keywords: St Andrew

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  • RELIGION

    Chords of community in a country church protest song

    • Andrew Hamilton
    • 13 March 2014
    9 Comments

    The conflict began with falling church attendances and a decision by the Koroit parish priest to rationalise resources. Although Regina Lane describes in detail the battles to save St Brigid's, her book is far more than a protest song against the power of the Catholic Church. The larger stories embodied at St Brigid's, the immigrant groups who formed the first congregation and their relationship to the first Australians, have continuing importance.

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  • AUSTRALIA

    Empowered shock jocks must also be accountable

    • Michael Mullins
    • 10 March 2014
    9 Comments

    The Federal Government plans to change the Racial Discrimination Act to give preference to free speech over protecting individuals and groups from vilification. It is not surprising that there is strong media support for the changes, as they will give investigative reporters and shock jocks alike the legislative freedom they need to do their job. But the Government must include robust legislation to penalise those who get their facts wrong.

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  • RELIGION

    Social justice with a smile

    • Andrew Hamilton
    • 20 February 2014
    7 Comments

    Social justice has to do with what we owe to others. No one likes to think of their debts. And when the debts are universalised so that they are owed by us as members of society, we do not want to know about them. No wonder it is more effective to appeal to our individual generosity than to our shared duty, and for religious leaders to be less comfortable speaking about justice than about love.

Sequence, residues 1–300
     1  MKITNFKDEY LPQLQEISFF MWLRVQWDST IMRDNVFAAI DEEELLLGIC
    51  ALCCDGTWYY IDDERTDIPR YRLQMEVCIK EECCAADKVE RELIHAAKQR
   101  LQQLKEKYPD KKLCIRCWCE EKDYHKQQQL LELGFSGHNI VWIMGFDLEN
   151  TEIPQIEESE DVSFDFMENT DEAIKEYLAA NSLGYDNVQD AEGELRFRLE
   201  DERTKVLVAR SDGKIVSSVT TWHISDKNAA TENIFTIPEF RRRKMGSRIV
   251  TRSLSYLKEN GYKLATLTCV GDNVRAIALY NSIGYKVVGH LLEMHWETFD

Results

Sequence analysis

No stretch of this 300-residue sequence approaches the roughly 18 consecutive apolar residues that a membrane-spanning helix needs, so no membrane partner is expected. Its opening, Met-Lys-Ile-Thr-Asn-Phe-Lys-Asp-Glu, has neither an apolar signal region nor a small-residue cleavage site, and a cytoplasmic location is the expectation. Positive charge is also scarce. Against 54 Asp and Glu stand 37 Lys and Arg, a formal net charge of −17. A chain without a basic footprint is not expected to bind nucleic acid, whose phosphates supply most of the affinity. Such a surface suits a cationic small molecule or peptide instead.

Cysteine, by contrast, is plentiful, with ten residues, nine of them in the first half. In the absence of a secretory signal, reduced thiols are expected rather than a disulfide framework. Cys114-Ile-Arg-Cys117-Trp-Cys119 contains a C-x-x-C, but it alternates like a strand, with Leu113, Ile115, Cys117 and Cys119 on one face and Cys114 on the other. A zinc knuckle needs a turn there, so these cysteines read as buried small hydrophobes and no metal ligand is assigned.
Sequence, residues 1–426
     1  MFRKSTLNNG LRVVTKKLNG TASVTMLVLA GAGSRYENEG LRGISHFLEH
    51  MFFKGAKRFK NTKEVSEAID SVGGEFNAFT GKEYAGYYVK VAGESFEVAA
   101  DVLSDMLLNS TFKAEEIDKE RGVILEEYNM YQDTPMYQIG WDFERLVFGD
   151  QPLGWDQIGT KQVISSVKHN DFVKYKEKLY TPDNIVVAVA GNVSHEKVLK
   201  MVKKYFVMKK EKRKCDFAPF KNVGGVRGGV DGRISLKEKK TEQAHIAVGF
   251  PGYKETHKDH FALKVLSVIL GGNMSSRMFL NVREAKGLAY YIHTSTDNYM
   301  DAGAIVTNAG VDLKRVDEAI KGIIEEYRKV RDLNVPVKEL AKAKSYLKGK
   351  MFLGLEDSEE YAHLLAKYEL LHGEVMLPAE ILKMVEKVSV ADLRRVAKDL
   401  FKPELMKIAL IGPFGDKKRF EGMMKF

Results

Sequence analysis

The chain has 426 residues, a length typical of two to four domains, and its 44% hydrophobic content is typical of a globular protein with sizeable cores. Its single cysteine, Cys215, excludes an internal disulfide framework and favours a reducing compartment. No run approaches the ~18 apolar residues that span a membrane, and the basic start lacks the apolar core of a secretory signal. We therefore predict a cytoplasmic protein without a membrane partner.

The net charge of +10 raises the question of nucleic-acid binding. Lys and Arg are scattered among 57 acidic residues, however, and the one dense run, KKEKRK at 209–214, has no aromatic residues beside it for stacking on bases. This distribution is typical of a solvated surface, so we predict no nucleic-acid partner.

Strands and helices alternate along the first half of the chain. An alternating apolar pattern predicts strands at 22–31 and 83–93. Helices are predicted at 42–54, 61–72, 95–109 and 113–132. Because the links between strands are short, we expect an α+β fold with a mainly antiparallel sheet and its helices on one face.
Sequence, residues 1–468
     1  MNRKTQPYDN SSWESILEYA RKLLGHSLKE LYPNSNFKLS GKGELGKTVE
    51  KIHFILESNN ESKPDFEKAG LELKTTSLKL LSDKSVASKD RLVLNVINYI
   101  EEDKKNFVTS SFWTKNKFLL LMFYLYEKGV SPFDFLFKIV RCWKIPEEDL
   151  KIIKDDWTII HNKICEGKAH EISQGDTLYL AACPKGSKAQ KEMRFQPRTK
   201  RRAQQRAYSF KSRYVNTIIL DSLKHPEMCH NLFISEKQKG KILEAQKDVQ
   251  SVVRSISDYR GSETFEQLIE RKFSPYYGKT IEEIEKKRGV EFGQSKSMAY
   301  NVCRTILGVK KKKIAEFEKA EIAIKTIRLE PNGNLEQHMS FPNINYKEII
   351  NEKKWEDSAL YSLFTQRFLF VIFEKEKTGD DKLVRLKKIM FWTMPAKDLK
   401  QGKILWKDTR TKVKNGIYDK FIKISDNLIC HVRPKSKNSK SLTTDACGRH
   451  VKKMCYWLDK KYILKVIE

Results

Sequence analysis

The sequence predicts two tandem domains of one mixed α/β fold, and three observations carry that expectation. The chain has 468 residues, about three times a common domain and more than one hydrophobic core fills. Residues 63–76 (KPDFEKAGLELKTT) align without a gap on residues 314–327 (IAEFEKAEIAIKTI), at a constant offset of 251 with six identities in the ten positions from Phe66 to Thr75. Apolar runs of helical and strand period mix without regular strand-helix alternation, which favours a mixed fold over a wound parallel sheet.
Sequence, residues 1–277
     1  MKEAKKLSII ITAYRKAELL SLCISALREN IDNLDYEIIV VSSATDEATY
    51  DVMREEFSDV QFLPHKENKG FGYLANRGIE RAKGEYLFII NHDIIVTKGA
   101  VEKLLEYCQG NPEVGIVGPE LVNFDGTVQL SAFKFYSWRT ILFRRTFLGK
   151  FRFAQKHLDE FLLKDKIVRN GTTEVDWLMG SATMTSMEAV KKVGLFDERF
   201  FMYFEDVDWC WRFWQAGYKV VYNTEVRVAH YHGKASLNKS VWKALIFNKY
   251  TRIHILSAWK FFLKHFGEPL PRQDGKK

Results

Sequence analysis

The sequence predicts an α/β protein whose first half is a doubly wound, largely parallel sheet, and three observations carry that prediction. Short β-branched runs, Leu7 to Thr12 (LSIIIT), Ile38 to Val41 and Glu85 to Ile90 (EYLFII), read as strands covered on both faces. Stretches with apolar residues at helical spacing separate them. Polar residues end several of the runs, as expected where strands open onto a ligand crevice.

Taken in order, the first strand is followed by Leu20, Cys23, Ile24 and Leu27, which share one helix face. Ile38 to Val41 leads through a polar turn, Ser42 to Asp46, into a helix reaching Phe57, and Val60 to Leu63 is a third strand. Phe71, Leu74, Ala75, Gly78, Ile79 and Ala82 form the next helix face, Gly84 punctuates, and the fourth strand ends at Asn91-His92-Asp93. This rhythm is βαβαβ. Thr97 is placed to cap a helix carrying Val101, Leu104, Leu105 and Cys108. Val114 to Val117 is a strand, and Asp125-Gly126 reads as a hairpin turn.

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  • AUSTRALIA

    Australia's booze culture on trial

    • Andrew Hamilton
    • 06 February 2014
    10 Comments

    Alcohol has a privileged place in polite society. All mood changing substances rely on a myth of a better life and relationships, but the alcohol myth is distinctive because it is rooted in high as well as in popular culture. Attempts to regulate its consumption and limit the damage it does will therefore always be unlikely to succeed.

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  • AUSTRALIA

    Pope's pointers for Australian welfare review

    • Andrew Hamilton
    • 30 January 2014
    27 Comments

    Pope Francis' message to the World Economic Forum at Davos developed the Catholic understanding that government and business economic actions should be governed not by trust in the workings of the free market, but by care for the good of the whole human community. Coincidentally the Australian Government announced a review of welfare payments.

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  • AUSTRALIA

    Celebrating diversity on Australia Day

    • Andrew Hamilton
    • 23 January 2014
    20 Comments

    This week began with Australia Day and ends with the Chinese New Year. The juxtaposition suggests pertinent questions about Australian identity, especially the ways in which Australians have alternately included and excluded those seen as outsiders. This is most evident in the relationship between Australian settlers' attitudes to Indigenous Australians, but it is also seen in Australian attitudes to Chinese and other Asian peoples.

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  • RELIGION